In short, it takes care of asynchronous I/O operations — primarily, interactions with the system’s disk and network. It is mainly used by modules such as fs (I/O-heavy) or crypto (CPU-heavy). Worker pool is implemented in libuv, which results in a slight delay whenever Node needs to communicate internally between JavaScript and C++, but this is hardly noticeable.

With both of these mechanisms, we are able to write code like this:

fs.readFile(path.join(__dirname, './package.json'), (err, content) => {
 if (err) {
   return null;
 }
 console.log(content.toString());
});

The aforementioned fs module tells the worker pool to use one of its threads to read the contents of a file and notify the event loop when it is done. The event loop then takes the provided callback function and executes it with the content of the file.

Above is an example of a non-blocking code; as such, we don’t have to wait synchronously for something to happen. We tell the worker pool to read the file and call the provided function with the result. Since worker pool has its own threads, the event loop can continue executing normally while the file is being read.

It’s all good until there’s a need to synchronously execute some complex operation: any function that takes too long to run will block the thread. If an application has many such functions, it could significantly decrease the throughput of the server or freeze it altogether. In this case, there’s no way of delegating the work to the worker pool.

Fields that require complex calculations — such as AI, machine learning, or big data — couldn’t really use Node.js efficiently due to the operations blocking the main (and only) thread, making the server unresponsive. That was the case up until Node.js v10.5.0 came about, which added support for multiple threads.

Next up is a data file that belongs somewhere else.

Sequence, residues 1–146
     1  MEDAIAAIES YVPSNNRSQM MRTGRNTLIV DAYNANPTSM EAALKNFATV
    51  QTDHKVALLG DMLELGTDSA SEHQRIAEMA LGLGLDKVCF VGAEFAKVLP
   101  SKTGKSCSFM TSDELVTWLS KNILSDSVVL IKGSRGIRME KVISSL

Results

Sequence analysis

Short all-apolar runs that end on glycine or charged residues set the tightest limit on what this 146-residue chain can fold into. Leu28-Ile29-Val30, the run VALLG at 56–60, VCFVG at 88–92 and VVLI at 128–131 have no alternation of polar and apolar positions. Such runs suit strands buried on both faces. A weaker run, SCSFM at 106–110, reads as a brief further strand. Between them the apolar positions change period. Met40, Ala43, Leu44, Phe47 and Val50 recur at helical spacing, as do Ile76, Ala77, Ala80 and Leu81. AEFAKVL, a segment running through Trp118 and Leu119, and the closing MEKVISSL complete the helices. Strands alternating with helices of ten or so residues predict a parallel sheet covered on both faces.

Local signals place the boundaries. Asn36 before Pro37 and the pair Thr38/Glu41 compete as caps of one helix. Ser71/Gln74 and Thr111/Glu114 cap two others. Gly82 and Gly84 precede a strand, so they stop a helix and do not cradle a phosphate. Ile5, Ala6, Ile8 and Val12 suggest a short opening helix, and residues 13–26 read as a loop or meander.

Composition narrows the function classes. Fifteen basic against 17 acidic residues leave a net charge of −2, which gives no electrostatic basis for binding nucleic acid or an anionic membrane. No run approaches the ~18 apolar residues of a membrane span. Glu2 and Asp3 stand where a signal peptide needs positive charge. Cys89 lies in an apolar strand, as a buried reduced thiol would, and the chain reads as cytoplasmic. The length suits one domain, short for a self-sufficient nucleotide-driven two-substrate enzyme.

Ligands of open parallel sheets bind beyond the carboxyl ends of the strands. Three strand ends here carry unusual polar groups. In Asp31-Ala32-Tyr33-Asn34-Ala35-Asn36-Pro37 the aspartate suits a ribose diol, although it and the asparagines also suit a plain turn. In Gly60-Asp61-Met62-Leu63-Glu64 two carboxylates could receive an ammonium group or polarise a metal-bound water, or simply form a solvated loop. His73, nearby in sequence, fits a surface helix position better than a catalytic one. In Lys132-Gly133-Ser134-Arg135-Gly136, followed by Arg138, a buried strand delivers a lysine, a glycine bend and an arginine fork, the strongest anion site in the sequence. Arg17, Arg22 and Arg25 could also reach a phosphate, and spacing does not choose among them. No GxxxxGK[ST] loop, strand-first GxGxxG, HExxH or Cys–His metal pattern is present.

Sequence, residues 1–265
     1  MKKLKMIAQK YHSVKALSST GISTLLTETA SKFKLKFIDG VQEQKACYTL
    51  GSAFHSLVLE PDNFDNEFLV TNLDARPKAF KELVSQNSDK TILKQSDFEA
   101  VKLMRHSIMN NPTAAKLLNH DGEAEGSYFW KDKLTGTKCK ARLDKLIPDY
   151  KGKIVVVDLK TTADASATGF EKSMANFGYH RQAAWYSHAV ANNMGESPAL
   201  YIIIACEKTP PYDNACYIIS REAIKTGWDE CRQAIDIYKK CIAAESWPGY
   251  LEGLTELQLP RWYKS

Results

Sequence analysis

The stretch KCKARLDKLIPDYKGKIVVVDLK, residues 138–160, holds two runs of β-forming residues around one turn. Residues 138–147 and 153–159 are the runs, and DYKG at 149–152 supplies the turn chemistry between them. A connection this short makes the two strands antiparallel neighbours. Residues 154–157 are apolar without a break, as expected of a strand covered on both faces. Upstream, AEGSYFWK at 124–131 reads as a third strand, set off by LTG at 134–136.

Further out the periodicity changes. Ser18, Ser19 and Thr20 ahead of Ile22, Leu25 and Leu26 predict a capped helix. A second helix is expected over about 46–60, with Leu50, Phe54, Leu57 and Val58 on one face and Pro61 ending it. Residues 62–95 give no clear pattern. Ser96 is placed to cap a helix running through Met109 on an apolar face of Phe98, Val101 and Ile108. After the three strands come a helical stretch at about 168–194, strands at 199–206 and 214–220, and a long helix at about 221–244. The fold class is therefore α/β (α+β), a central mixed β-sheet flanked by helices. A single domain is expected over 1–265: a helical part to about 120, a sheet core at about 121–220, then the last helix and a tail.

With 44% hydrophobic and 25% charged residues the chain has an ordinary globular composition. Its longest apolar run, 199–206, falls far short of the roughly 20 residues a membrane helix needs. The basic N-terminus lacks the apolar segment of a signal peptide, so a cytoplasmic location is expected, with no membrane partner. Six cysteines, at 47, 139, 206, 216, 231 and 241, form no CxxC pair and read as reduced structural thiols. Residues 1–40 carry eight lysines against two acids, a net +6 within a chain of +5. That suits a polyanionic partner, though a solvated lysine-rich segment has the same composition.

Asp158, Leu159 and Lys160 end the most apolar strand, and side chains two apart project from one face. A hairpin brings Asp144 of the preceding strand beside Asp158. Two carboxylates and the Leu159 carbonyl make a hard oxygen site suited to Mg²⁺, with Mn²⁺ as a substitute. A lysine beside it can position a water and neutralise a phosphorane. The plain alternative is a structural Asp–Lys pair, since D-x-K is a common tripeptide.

Introducing: worker_threads

The worker_threads module is a package that allows us to create fully functional multithreaded Node.js applications.

A thread worker is a piece of code (usually taken out of a file) spawned in a separate thread.

Note that the terms thread worker, worker, and thread are often used interchangeably; they all refer to the same thing.

To start using thread workers, we have to import the worker_threads module. Let’s start by creating a function to help us spawn these thread workers, and then we’ll talk a little bit about their properties.

type WorkerCallback = (err: any, result?: any) => any;
export function runWorker(path: string, cb: WorkerCallback, workerData: object | null = null) {
 const worker = new Worker(path, { workerData });
 worker.on('message', cb.bind(null, null));
 worker.on('error', cb);
 worker.on('exit', (exitCode) => {